by Lara Holden
Lara is writing her first novel. A romance.
The temperature was unusual for the time of year, the midday sun still blanketed them with warmth despite October fast approaching.
The four of them sat, perfectly content in a small alcove between the evergreen trees.
There was a radiant breeze which smelt delicately of ferns, damp earth and the embers of the disposable bbq which was cracking as it died a few metres away.
To him it was summer, home.
There was something in the air that day. It felt as though anything could happen.
It was comfortable, serene and yet held a mystery and wildness none of them could fully explain.
They spent the afternoon in this hazy spot playing innumerable rounds of bullshit and drinking copious amounts of beer. They laughed endlessly at Callum who had been showing off his new guitar skills, serenading them with rendition after rendition of ‘fairy tale lullaby’ which was, as far as they could tell, the only song he had mastered.
They spent hours mulling over those big life questions, the questions that teenagers often ponder while drunk on Sunday afternoons.
‘I don’t reckon I’ll live past 25 you know. Destined to die young,’ Alfie blurted out in a matter of fact kind of way as the penultimate game of bullshit came to a close.
‘How many of those have you had,’ said Harry, glancing, as he spoke, at the mounting pile of cans at his feet.
‘Ha’ Alfie chortled. ‘Good question, I’m serious though, always known it’
‘You’re mad Alf, don’t be so depressing,' interrupted Sophie, 'I’ll be needing you to stick around until I’m at least 83 and a half.' i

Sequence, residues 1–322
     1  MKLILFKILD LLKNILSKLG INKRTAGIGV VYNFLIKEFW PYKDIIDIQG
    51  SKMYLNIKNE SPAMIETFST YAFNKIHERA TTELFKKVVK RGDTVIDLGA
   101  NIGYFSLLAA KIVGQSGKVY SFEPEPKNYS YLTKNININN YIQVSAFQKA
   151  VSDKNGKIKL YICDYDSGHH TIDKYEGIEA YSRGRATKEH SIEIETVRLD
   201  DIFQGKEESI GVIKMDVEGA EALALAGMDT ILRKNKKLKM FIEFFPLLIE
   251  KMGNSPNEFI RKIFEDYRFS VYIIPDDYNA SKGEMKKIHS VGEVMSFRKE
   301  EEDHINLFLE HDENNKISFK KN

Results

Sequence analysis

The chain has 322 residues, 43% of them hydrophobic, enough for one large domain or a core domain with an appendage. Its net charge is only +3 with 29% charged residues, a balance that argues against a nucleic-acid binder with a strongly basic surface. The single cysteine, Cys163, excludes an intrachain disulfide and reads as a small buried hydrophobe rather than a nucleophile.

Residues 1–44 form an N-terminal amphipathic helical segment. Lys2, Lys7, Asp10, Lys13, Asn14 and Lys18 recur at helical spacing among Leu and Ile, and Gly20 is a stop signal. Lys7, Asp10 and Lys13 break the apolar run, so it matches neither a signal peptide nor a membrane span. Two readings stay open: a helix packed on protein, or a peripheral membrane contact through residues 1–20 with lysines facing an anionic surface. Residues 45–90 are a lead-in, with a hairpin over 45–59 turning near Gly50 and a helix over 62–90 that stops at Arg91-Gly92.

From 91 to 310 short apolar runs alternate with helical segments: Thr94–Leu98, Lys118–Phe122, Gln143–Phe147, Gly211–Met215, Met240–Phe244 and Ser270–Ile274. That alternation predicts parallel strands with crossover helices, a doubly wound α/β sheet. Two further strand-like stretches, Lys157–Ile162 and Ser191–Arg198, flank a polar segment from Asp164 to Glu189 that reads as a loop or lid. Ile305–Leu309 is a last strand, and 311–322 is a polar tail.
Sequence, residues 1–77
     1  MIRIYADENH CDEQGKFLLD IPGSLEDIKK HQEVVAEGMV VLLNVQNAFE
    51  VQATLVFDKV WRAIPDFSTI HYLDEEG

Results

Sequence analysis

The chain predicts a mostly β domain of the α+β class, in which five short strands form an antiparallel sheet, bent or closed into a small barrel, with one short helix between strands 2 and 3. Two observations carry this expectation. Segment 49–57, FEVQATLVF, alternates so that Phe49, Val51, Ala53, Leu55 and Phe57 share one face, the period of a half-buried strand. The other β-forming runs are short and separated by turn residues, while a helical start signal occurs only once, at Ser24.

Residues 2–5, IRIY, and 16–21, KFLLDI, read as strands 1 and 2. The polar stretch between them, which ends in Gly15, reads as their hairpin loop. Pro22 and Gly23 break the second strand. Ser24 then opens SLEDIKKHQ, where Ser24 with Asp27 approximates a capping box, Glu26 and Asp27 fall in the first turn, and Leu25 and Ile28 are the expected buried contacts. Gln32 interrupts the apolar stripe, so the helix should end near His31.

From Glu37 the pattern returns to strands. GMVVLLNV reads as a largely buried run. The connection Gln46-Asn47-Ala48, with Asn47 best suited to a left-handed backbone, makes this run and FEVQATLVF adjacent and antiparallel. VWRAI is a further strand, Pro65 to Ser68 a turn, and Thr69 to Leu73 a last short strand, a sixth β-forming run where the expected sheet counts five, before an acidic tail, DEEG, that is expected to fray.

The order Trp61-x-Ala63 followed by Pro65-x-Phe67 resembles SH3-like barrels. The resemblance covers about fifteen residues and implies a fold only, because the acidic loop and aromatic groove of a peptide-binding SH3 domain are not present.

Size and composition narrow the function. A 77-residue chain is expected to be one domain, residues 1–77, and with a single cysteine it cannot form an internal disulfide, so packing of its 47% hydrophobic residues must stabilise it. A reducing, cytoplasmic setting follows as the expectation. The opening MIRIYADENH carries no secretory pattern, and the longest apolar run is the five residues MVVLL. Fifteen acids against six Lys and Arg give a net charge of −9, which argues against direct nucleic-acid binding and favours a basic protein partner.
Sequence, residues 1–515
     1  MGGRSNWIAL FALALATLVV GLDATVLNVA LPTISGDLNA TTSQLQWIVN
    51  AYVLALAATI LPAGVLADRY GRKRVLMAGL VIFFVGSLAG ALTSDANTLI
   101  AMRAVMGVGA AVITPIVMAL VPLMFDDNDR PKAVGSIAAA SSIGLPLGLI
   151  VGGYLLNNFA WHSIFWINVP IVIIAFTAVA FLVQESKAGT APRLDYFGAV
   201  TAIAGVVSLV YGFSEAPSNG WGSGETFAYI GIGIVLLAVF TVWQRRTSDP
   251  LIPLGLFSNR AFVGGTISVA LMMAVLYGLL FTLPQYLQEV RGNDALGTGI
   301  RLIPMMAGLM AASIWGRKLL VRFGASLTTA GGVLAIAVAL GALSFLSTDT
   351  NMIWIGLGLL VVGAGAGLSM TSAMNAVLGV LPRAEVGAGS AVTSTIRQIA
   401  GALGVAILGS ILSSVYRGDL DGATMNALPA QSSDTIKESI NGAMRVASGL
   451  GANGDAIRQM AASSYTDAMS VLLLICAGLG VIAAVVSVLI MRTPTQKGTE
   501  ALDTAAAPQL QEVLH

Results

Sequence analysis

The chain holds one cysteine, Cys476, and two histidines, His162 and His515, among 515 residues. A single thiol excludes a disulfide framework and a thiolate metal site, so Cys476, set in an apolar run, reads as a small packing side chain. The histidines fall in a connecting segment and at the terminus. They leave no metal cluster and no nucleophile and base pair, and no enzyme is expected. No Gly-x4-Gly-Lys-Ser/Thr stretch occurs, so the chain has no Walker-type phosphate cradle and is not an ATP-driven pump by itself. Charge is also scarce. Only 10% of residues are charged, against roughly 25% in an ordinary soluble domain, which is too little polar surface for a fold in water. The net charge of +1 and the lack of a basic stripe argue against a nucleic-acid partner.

‘Yeah man, 25 is when all the fun really begins, Ill deal,’ said Harry already shuffling the deck.
The conversation was over as quickly as it began.
He thought back to that moment as he walked calmly along the Bridge, four years to the day since that afternoon.
It felt to him a life time ago and yet every moment of the day still played vividly through his memories.
His heart was beating faster than it ever had done. It was an odd sensation as his mind was so still. He could hear every pulse of the muscle in his head as though his heart was trying to remind his brain that it was still here, still alive, to recognise the life left to lead.
It didn’t matter anymore.
He reached the centre of the bridge and looked over absentmindedly at the city below. It seemed so small and insignificant from this height.
He climbed over the thick steel bars and balanced momentarily on the surface. He pressed play on his iPod and turned up the volume to drown out the wind.
All he could hear from that point forward was ‘fairy tale lullaby’.
Then he leant forward and was gone.